Accuracy matters when it comes to calculating digital asset taxes
Over the past couple of years, millions of Americans have participated in the cryptoeconomy – buying, selling, trading, or simply transferring digital assets from place to place. These activities generally require fees to be paid as part of the transaction. Those fees may be paid to a centralized exchange or as a network transaction fee to the validators confirming transactions on a blockchain.
Sometimes those fees relate to the purchase, sale, or trade of an asset, while other times the fee is simply incurred to transfer units from one exchange to another or to a non-custodial wallet, DeFi protocols, NFT marketplaces, etc. Regardless, those fees are an expense incurred by individuals engaging in crypto activity. For many, the question is how those fees are treated for tax purposes—can they be deducted, or do they provide any potential benefit?
The answer, at least for certain kinds of fees, is yes. Fees incurred in conjunction with the acquisition or disposition of a crypto asset provide some tax benefit. Conversely, fees incurred simply with the transfer of crypto assets among accounts or non-custodial wallets likely provide no tax benefit.
Crypto tax interpretations can be complex – but as regulatory scrutiny increases it’s more important than ever to stay ahead of the curve. There are a lot of opinions espoused about crypto tax issues, and some of them are at odds with existing regulatory guidance, or even common practice in traditional financial transactions. Individuals should always do their due diligence to ensure they do not inadvertently put their tax filing at risk of audit.
Whenever crypto is bought or sold (or converted to another asset) on a centralized or decentralized exchange, the U.S. tax code permits fees paid with respect to those transactions to be taken into account for tax purposes. This is true regardless of whether the fee is paid on a centralized exchange as part of a trade, to an on-chain marketplace as part of a DeFi protocol, or to network validators as part of a decentralized exchange transaction.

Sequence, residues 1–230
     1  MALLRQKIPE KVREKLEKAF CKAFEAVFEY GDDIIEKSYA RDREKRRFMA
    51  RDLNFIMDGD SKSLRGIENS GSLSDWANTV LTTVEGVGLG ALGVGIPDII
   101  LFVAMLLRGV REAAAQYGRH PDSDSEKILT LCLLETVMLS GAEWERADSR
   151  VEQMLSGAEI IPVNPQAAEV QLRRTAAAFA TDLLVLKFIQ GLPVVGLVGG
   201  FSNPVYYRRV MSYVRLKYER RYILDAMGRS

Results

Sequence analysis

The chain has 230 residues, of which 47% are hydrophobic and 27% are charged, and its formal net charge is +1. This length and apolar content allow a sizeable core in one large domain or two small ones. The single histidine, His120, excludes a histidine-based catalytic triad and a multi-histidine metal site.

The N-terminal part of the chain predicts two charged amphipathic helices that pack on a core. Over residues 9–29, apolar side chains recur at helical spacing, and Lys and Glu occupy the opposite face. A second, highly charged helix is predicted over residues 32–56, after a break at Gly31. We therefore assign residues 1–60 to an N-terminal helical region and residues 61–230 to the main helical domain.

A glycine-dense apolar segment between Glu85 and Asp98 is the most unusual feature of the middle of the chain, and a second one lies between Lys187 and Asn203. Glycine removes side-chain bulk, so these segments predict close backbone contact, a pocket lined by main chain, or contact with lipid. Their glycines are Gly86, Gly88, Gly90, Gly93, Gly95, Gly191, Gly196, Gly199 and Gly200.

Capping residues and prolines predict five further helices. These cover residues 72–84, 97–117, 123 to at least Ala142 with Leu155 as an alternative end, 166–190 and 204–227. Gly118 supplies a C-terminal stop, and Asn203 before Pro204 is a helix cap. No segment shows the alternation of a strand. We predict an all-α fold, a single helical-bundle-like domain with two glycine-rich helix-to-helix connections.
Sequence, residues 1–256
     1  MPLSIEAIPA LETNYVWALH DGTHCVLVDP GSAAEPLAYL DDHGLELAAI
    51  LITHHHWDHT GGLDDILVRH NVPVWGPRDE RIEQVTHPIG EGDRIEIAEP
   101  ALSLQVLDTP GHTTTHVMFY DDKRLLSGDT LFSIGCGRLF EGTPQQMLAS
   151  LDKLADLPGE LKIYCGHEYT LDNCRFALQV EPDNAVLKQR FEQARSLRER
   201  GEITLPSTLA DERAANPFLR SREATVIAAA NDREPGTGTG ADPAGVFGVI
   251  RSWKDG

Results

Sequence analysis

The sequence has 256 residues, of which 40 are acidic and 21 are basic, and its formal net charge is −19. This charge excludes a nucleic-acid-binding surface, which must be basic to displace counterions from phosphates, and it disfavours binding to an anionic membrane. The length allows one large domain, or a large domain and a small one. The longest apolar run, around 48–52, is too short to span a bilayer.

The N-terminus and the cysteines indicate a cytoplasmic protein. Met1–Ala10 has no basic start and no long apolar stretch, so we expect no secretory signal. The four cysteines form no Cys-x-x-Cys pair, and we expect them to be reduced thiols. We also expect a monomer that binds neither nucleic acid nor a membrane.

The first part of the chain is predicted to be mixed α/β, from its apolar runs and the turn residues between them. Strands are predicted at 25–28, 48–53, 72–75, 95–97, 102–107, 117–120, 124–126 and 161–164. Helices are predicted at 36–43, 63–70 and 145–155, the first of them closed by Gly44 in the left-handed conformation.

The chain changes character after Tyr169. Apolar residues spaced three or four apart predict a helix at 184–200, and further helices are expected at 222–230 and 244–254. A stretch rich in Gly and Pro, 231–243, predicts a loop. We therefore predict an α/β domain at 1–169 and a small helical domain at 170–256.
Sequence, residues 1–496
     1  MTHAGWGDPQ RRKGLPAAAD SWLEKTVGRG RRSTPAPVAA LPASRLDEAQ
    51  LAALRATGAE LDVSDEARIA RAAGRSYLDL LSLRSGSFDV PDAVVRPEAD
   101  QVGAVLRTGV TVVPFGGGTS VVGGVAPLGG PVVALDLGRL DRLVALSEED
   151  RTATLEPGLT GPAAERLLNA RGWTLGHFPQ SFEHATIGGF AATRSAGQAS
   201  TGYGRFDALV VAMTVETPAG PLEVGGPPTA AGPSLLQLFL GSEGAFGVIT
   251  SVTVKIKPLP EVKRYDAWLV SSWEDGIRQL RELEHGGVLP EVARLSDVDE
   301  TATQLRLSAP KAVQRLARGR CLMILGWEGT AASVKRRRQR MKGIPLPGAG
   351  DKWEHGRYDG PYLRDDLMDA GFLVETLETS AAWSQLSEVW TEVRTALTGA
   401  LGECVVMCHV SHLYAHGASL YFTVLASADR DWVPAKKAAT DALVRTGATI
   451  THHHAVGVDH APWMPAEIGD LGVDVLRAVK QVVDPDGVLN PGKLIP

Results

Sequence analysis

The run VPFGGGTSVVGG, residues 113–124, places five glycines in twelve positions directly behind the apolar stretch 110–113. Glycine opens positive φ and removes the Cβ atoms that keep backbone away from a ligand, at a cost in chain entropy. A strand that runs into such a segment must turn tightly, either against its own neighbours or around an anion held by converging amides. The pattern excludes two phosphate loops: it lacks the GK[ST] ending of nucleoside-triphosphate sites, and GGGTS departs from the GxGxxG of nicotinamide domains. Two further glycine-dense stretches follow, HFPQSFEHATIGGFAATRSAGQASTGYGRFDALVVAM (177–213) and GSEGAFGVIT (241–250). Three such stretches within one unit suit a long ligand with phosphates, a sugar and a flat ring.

Where the fee is paid in fiat, the value of that fee will be used to offset any sale proceeds (if crypto is being sold) or will be added to the acquisition cost (if crypto is being purchased).
For example, if you use fiat to buy $10,000 of BTC and incur a $500 fee, the value of that fee will be added to the acquisition cost of the BTC. Conversely, if you sell $11,000 of BTC for fiat and incur a $500 fee, the value of that fee will reduce your sale proceeds.
In the graphic below, 1 BTC is purchased for $10,000 cash plus a $500 purchase fee, resulting in a cost basis of $10,500. Later that same 1 BTC is sold for $11,000 cash with a $500 fee. Both $500 fees operate to reduce the taxable gain on the sold BTC to zero.
Where the transaction does not involve fiat and the fee is paid in crypto, the crypto given up to pay the fee provides a tax benefit. It would either be applied to reduce the gain on the crypto that was disposed of, or increase the acquisition cost basis of the crypto being acquired. The IRS has not provided any guidance on which approach is correct, but the most practical approach that is likely to draw the least amount of scrutiny is to apply the fee against whichever side of the transaction that the fee is paid in.